During March and April 1944 the division was brought to full strength with replacements coming from training centers as well as men from the Army Specialist Training Program and the Army Air Corps Cadet Training Program. The latter two programs had been cut-back and their participants released for assignment to the Infantry.


As the division reached full strength again, training started anew. By November 1944 the division was ready for movement to an overseas area. On 6 November 1944, the 63rd Infantry Division advance party left Camp van Dorn by train for Camp Shanks, New York and ultimate shipment to France. The advance party or forward element of the division was known as Task Force Harris and consisted of the three Infantry Regiments,; the 253rd, 254th and 255th plus a small supporting staff. The Task Force was commanded by Brigadier General Frederick M. Harris.


Task Force Harris arrived in Marseille, France on 8 December 1944 and after a few days in a staging area moved by road and rail to Camp d'Oberhoffen, France located about midway betwen Colmar and Sarreguemines. By the end of December 1944, Task Force Harris was disbanded and all three regiments were reassigned to various divisions of the 6th Army Group. The 253rd was attached to the 44th Infantry Division in the Sarreguemines-Riming area; the 254th was attached to the 3rd Infantry Division in the Colmar Area, and the 255th was attached to the 100th Infantry Division near Bitche.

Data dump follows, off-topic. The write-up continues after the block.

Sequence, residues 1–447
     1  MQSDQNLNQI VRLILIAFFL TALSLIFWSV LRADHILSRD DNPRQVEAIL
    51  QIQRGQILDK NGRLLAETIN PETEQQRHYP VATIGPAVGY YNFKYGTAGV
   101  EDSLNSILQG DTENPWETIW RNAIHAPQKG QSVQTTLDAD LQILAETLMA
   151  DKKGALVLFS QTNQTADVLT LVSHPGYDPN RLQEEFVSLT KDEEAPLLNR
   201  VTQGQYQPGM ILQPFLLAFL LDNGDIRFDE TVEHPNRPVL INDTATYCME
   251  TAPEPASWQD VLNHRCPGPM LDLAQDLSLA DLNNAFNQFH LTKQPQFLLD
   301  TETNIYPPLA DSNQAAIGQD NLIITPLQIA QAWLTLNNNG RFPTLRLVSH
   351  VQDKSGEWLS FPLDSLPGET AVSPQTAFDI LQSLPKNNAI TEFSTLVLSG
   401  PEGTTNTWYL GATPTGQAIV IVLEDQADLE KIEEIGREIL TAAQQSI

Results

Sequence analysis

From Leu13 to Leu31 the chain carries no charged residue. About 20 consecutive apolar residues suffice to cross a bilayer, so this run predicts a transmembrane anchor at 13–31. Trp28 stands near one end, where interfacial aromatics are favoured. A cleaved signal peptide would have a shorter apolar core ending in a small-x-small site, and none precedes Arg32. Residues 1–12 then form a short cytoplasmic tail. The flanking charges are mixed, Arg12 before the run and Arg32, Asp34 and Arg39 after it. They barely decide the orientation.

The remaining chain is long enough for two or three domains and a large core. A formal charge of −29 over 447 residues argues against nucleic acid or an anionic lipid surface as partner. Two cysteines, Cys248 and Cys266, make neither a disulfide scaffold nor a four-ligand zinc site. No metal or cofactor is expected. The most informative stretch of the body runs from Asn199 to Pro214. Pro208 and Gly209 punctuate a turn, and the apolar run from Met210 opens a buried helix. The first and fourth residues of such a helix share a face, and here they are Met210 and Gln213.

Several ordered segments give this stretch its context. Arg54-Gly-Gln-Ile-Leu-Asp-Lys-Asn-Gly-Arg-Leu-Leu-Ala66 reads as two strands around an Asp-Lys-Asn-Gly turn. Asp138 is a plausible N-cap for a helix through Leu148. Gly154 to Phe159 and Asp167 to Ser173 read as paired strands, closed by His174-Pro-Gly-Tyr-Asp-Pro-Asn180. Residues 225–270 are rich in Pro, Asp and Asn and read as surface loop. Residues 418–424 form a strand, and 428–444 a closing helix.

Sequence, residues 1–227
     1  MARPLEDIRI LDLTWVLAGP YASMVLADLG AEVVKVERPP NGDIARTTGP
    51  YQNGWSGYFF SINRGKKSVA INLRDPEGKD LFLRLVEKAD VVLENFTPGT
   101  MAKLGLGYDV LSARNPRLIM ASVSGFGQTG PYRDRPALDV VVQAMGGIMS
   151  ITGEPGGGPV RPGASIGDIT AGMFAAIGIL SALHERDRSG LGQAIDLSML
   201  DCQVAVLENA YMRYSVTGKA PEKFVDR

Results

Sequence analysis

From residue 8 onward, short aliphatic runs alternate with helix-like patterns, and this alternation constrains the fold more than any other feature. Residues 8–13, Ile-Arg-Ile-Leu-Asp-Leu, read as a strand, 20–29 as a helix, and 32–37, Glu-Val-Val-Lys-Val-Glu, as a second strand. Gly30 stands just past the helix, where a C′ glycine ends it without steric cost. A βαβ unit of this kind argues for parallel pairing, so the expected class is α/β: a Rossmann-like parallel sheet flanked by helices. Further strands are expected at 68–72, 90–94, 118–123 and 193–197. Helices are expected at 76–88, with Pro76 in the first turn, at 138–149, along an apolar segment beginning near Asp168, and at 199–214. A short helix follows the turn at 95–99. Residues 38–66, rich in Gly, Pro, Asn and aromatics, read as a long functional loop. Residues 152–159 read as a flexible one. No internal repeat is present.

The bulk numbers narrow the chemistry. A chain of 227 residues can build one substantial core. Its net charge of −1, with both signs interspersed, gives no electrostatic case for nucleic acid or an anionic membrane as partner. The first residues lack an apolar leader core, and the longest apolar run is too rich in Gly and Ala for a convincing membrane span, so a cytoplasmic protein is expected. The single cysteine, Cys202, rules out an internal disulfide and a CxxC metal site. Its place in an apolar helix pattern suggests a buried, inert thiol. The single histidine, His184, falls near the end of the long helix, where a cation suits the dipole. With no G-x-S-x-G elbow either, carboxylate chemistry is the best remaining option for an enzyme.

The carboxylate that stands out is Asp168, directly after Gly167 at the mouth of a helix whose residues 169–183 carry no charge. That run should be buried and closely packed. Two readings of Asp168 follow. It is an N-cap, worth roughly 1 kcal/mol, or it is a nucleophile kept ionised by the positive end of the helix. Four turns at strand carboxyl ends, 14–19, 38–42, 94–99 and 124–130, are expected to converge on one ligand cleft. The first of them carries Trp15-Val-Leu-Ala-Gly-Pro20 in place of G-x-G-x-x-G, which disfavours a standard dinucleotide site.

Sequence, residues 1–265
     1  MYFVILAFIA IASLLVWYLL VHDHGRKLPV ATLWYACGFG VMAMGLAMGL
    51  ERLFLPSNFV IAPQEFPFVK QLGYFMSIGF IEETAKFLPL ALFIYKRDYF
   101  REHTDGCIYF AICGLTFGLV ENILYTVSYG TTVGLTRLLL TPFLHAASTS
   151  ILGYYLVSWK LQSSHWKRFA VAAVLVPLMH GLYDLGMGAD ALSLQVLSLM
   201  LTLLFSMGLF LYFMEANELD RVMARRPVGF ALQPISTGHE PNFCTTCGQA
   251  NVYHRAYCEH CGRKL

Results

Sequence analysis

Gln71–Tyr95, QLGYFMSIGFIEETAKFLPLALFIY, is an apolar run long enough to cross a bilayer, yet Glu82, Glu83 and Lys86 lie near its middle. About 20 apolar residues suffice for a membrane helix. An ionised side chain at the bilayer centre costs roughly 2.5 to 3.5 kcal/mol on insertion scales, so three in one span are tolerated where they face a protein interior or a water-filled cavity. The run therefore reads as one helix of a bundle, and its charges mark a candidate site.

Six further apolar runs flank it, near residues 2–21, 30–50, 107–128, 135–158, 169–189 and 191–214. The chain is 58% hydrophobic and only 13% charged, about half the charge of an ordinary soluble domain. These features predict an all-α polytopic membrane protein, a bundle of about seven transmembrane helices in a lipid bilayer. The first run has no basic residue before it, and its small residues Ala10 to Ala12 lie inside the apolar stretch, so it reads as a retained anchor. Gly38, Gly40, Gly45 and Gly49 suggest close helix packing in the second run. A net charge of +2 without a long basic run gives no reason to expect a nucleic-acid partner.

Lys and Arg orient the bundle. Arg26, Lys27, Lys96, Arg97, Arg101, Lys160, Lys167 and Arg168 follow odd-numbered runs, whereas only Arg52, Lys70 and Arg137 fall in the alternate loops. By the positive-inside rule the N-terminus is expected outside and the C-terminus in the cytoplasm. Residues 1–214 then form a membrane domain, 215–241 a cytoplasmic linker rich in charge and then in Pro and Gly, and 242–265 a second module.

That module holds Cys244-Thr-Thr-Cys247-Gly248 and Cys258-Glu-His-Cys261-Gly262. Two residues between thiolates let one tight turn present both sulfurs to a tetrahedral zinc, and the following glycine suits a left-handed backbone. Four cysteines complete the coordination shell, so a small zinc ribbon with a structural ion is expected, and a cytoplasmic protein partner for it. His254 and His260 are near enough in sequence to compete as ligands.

Thus the three regiments, separated from 63rd Infantry Division control were destined to make their own history until reunited with the Division in Mid-February 1945.


From mid-February 1945 until the end of the war, the 63rd Infantry Division made a path of Blood and Fire from Sarreguemines through the Siegfried Line to Worms, Mannheim, Heidelberg, Gunzburg and ending in Landsberg Germany at the end of April 1945 when the division was pulled from the line for a much needed rest.